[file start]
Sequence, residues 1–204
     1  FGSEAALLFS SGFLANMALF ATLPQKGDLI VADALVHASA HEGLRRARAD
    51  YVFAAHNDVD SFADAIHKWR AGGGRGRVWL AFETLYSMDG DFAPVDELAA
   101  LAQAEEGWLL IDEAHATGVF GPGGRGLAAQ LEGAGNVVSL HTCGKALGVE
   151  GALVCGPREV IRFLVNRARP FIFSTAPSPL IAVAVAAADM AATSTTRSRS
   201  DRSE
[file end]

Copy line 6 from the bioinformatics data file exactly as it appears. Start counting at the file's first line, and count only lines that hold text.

   201  DRSE